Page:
59. Elberling J, Linneberg A, Mosbech H, Dirksen A, Frølund L, Madsen F, Nielsen NH, Johansen JD. 2004. A link between skin and airways regarding sensitivity to fragrance products? Br J Dermatol. 151(6): 1197-203.
  60. Elberling J, Lerbaek A, Kyvik KO, Hjelmborg J. A twin study of perfume related respiratory symptoms. Int J Hyg Environ Health. 2009; 212(6): 670-8.
  61. Mendell. M.J. Indoor residential chemical emissions as risk factors for respiratory and allergic effects in children: a review. Indoor Air. 2007; 17(4):259-77.
  62. Schnuch A, Oppel E, Oppel T, Römmelt H, Kramer M, Riu E, Darsow U, Przybilla B, Nowak D, Jörres RA. 2010. Experimental inhalation of fragrance allergens in predisposed subjects: effects on skin and airways. Br J Dermatol.
  63. Neuenschwander U, Guignard F, Hermans I. 2010. Mechanism of the aerobic oxidation of alpha-pinene. ChemSusChem. 3(1): 75-84.
  64. Nielsen GD, Larsen ST, Hougaard KS, Hammer M, Wolkoff P, Clausen PA, Wilkins CK, Alarie Y. 2005. Mechanisms of acute inhalation effects of (+) and (-)-alpha-pinene in BALB/c mice. Basic Clin Pharmacol Toxicol. 96(6):420-8.
  65. Rohr AC, Wilkins CK, Clausen PA, Hammer M, Nielsen GD, Wolkoff P, Spengler JD. 2002. Upper airway and pulmonary effects of oxidation products of (+)-alpha-pinene, d-limonene, and isoprene in BALB/c mice. Inhal Toxicol. 14(7): 663-84.
  66. Venkatachari P, Hopke PK. 2008. Characterization of products formed in the reaction of ozone with alpha-pinene: case for organic peroxides. J Environ Monit. 10(8): 966-74.
  67. [1]Grouppo di Italiano Studio MCS (May 23, 2019), "5. Osdepali per MCS" [5. Hospitals and MCS], [The Italian Consensus] Consenso Italiano sulla Sensibilita Chimica Multipla (MCS). Documento di consenso e linee guida sulla Sensibilita Chimica Multipla (MCS) del Gruppo di Studio Italiano sulla MCS [[Italian Consensus on Multiple Chemical Sensitivity (MCS) -- Consensus Document and Guidelines on Multiple Chemical Sensitivity (MCS) by the Italian Workgroup on MCS]] (PDF), Università degli Studi di Milano, Italy 
  68. 68.068.1 "Mercy Medical Center Process Standards, Multiple Chemical Sensitivity Protocol". 1999. 
  69. Fisher MM, Rose M. Anaesthesia for patients with idiopathic environmental intolerance and chronic fatigue syndrome. Br J Anaesth 2008; 101(4): 486-91.
  70. Rea, William J. 1996 "41 Surgery in the chemically sensitive," Chemical Sensitivity Tools of Diagnosis and Methods of Treatment, Environmental Health Center, Dallas, Texas. CRC Press.
  71. 71.071.1 "Multiple Chemical Sensitivity -- A guide for Victoria hospitals", Victoria Health, Aug 25, 2011 
  72. 72.072.172.2 ACT Department of Health, Canberra, Australia (2018). "Canberra Hospital and Health Services Clinical Procedure: Multiple Chemical Sensitivities".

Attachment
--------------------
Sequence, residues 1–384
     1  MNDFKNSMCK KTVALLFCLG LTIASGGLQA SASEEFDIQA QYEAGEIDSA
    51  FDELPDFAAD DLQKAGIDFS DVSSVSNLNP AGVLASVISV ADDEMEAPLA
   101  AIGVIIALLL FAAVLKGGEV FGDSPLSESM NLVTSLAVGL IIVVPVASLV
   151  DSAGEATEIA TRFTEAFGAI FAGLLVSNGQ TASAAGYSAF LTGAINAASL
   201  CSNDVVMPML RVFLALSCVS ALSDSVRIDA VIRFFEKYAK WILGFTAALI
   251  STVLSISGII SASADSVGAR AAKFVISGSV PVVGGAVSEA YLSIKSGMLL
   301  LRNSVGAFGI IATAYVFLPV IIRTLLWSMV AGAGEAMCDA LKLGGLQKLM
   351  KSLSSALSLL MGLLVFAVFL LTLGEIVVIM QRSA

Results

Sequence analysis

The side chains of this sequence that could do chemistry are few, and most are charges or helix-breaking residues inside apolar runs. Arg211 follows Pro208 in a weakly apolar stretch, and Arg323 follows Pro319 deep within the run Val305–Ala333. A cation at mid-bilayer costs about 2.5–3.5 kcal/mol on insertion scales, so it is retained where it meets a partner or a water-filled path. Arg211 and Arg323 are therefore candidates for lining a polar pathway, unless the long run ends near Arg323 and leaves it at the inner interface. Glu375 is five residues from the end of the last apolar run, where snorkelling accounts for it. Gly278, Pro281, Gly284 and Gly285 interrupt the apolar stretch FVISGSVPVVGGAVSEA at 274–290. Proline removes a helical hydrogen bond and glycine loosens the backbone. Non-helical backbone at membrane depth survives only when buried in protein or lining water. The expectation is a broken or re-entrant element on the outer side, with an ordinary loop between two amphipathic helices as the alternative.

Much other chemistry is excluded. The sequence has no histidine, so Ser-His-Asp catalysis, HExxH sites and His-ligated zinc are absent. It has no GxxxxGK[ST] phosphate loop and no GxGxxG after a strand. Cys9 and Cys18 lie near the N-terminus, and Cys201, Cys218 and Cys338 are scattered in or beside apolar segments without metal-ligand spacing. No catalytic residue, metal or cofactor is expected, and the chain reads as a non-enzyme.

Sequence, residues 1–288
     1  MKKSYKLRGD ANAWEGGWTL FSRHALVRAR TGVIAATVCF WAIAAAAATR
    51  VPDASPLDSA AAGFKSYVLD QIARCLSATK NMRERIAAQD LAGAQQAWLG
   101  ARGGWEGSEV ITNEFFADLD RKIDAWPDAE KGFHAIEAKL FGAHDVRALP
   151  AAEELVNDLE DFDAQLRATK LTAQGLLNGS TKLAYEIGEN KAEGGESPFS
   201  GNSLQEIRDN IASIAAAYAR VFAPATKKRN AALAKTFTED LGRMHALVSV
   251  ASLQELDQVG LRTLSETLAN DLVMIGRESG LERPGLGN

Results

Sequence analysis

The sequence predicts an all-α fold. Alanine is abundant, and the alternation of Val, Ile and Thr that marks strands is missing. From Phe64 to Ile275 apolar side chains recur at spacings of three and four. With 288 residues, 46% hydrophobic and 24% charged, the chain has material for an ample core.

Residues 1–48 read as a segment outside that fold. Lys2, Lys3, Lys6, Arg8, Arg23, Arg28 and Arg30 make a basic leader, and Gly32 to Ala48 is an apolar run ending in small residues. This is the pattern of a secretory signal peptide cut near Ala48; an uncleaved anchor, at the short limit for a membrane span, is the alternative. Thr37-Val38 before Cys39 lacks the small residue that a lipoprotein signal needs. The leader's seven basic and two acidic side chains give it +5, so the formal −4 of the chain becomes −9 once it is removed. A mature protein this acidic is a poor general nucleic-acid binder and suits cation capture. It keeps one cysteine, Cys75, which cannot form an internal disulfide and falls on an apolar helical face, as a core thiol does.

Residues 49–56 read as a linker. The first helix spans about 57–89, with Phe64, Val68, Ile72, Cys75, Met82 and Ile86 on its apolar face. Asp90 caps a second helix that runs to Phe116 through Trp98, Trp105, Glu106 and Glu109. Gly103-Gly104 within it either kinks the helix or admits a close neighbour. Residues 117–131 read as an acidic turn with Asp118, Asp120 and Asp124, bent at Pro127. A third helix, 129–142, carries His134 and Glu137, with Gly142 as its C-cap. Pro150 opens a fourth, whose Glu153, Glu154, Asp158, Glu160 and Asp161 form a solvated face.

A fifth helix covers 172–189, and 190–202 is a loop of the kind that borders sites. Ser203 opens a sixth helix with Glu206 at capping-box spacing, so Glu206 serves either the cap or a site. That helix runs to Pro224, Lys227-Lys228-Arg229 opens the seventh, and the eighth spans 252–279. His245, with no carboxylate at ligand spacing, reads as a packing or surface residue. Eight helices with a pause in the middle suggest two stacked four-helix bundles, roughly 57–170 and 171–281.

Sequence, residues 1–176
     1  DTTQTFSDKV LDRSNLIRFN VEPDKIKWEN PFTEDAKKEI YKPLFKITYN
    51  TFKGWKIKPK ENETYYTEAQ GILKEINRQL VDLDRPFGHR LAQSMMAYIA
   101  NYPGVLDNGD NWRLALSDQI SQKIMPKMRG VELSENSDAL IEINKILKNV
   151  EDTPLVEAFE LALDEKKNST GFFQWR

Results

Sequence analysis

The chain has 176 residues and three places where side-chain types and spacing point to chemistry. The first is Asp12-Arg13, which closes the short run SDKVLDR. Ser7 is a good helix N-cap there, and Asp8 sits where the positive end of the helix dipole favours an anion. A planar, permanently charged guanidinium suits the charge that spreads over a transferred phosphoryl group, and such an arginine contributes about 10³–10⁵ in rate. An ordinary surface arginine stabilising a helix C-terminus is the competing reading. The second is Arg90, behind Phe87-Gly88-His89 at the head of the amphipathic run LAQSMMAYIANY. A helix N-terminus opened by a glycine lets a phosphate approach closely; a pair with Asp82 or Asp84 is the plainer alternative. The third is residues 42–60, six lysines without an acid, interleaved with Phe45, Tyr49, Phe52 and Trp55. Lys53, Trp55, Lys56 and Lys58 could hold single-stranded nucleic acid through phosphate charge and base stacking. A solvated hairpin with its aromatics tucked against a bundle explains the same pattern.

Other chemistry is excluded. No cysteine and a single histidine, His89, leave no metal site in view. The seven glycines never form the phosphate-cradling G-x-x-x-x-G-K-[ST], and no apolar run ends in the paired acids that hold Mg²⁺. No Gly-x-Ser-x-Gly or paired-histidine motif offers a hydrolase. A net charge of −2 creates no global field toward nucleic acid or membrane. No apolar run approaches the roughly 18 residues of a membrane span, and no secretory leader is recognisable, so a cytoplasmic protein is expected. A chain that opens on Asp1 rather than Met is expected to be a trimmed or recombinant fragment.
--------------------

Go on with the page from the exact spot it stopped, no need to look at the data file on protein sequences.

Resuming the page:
73. 73.073.1 NSW Health (2019). "Fact sheet: Multiple Chemical Sensitivity Disorder". www.health.nsw.gov.au. Retrieved May 14, 2020. 
  74. 74.074.1 Australian Commission on Safety and Quality in Health Care (2017). "National Safety and Quality Health Service Standards Guide for Hospitals" (PDF). Canberra, Australia: NSW health. 
  75. 75.075.1 "Idiopathic Environmental Intolerance or Multiple Chemical Sensitivity Policy Guideline" (PDF), South Australia Health, Adelaide, Australia, Aug 26, 2016 
  76. 76.076.176.2 Multiple Chemical Sensitivity Chemical Hypersensitivity Guideline. Sep 14, 2010. Western Australia Country Health Service. Western Australia.
  77. Multiple Chemical Sensitivity Protocol. Mercy Medical Centers New York and California.09/1999.
  78. Multiple Chemical Sensitivities. Jan 2010. QHC Healthcare, Ontario, Canada.
  79. National Industrial Chemicals Notification and Assessment Scheme; Office of Chemical Safety and Environmental Health (2010). "1.1.2 Studies on the prevalence of MCS in other countries". A Scientific Review of Multiple Chemical Sensitivity: Identifying Key Research Needs. Canberra, Australia. ISBN 978-0-9807221-4-7. Archived from the original on Nov 2010. 
  80. Caress SM, Steinemann AC (May 2004). "Prevalence of Multiple Chemical Sensitivities: A Population-Based Study in the Southeastern United States". Am J Public Health. 94 (5): 746–747. doi:10.2105/ajph.94.5.746. PMC 1448331Freely accessible. PMID 15117694. 
  81. Berg, Nikolaj Drimer; Linneberg, Allan; Dirksen, Asger; Elberling, Jesper (Jul 1, 2008). "Prevalence of self-reported symptoms and consequences related to inhalation of airborne chemicals in a Danish general population". International Archives of Occupational and Environmental Health. 81 (7): 881–887. doi:10.1007/s00420-007-0282-0. ISSN 1432-1246.